I come from a long line of cockroaches, and I’m damn proud of it. Josiah Prickett sailed from England to the New World sometime prior to 1654 and settled on the banks of the Delaware River in South Jersey. And we never left. Wars, floods, and yes, pandemics, have been no match for the genetically average, but somehow hearty, Prickett gene.
What’s more amazing: There have been zero Pricketts of great renown in the 366-some-odd years we’ve inhabited this great country. No war heros, no captains of industry, no great artists. No great politicians either, though they’re generally a much inferior breed of cockroaches.
My ancestors were “non-essential workers” way before it was a thing.
About the only great claim to my family crest is that my cousin supplies all the baseball rubbing mud for Major League Baseball. He mines it from a secret location on the banks of, you guessed it, the Delaware River, in South Jersey. Unfortunately, that’s on mom’s side. Reunions can get intense when the highfalutin mud people show up.
So what am I doing during the Great Shut-In of 2020? I’m doing what Pricketts do best: I’m surviving. I’m planting a garden because that’s never a bad idea. I’m banging out projects around the house like there’s no tomorrow, though I’m sure there will be. I’m trying to appreciate my family more (I said “trying”!), and I’m also trying to be super nice to anyone with whom I come into socially acceptable contact.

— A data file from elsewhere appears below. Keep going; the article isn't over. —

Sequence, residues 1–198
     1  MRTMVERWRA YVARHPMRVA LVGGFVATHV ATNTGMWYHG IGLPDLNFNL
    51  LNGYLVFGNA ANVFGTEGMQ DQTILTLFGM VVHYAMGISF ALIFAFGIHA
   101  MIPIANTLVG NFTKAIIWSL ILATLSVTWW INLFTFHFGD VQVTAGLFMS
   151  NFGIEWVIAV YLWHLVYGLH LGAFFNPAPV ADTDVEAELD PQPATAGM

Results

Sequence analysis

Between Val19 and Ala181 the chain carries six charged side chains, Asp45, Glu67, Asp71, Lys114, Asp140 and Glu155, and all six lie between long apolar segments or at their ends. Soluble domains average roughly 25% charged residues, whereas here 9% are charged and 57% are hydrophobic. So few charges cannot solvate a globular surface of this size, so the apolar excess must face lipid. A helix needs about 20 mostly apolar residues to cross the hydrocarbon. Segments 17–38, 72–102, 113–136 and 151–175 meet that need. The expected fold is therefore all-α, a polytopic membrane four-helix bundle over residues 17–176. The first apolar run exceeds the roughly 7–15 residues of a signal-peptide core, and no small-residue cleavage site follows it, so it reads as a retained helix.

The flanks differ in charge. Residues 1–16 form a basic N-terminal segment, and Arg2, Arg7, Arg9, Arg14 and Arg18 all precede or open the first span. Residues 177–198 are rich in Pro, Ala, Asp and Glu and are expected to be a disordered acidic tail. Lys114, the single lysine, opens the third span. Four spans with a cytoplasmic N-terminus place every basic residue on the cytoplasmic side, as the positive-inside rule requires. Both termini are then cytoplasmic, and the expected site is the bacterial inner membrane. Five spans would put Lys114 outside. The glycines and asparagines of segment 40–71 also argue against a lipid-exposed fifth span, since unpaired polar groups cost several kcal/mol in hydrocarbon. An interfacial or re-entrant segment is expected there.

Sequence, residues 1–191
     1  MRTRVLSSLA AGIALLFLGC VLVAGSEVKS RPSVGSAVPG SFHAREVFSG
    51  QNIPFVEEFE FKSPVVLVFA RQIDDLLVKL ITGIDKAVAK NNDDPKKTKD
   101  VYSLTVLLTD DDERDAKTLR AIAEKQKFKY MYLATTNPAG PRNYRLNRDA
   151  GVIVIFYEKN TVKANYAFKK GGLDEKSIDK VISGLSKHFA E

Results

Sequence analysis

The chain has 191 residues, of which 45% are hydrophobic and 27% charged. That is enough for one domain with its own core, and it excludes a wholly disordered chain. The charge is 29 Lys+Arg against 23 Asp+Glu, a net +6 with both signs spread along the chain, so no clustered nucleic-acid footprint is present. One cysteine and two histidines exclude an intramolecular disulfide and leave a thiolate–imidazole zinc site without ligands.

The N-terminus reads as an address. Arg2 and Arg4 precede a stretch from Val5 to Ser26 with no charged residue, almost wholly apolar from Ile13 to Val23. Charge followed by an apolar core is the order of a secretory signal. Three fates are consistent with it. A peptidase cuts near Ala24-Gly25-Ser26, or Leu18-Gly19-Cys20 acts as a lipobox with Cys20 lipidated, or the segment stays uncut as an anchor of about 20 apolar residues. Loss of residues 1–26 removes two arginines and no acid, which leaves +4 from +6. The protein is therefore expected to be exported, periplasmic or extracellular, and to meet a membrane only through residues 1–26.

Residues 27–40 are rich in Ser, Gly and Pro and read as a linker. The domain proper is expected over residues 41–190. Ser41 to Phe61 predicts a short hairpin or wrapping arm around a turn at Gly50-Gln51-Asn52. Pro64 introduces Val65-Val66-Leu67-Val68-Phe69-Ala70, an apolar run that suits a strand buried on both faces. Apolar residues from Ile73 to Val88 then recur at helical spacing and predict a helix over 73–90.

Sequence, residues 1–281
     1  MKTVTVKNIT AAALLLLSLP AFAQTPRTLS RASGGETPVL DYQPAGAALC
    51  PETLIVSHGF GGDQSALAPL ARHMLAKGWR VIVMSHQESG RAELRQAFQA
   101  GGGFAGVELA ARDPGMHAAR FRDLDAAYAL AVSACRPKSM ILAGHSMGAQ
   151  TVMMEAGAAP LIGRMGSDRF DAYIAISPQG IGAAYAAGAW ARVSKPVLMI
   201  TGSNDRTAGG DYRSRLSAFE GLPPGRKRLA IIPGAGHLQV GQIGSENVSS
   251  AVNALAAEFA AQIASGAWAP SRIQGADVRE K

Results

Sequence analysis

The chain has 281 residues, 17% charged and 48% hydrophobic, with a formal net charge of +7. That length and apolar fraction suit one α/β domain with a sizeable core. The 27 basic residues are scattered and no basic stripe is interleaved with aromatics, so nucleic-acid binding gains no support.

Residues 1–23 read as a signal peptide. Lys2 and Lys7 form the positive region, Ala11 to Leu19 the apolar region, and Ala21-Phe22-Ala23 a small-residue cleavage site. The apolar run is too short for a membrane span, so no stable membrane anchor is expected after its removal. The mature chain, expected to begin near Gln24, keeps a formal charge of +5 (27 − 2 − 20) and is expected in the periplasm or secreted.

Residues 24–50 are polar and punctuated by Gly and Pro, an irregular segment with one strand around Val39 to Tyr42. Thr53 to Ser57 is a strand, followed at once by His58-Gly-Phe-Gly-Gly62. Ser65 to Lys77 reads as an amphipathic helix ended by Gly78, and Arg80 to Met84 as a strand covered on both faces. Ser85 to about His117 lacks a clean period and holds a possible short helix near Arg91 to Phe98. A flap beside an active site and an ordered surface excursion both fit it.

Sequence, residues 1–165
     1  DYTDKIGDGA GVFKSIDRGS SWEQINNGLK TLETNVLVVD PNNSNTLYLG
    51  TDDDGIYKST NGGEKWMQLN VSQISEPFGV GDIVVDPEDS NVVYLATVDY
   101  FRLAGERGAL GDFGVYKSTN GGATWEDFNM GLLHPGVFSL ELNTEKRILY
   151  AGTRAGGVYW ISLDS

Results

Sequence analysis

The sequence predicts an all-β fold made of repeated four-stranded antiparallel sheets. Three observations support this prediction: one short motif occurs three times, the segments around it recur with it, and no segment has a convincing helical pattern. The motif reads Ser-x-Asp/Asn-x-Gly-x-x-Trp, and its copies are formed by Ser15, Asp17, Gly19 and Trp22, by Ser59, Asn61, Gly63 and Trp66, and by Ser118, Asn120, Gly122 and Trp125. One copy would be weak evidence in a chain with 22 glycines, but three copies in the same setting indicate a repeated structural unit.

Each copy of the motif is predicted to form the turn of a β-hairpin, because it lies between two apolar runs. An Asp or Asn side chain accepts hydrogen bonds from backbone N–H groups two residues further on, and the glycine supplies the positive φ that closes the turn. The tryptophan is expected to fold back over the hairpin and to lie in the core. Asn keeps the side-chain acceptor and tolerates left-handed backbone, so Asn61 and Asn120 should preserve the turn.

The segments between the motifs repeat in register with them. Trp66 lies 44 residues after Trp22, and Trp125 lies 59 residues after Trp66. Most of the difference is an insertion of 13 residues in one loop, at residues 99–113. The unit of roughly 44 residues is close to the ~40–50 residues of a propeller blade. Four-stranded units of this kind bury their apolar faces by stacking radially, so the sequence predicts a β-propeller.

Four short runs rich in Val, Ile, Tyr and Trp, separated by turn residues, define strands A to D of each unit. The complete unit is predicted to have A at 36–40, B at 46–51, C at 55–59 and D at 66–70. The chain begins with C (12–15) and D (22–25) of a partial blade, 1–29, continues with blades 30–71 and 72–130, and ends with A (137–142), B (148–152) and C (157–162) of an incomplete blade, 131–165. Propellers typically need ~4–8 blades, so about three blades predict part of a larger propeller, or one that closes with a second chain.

I’ve been much more active, and eating less, so I’ve lost a nice chunk of weight. The weight loss might be stress-related but, hey, I’ll take it! I also started remodeling my bathroom right before all the restrictions took effect, but we don’t need to get into that nightmare.
I’m fortunate enough to be able to hunker down with my loved ones, as I’m not considered essential. I’m really not sure if that designation is due to my job description or my ancestry, but I’m sure the authorities know best.
(NOTE: This story is 100 percent true, with one exception. My uncle Wilson Prickett went from running a Woolworth’s in Oklahoma to leading a landing craft on the shores of Omaha Beach on D-Day. He made not one, but two trips across the beach, under heavy fire, to retrieve ammunition. A survivor for sure, and a true American hero.)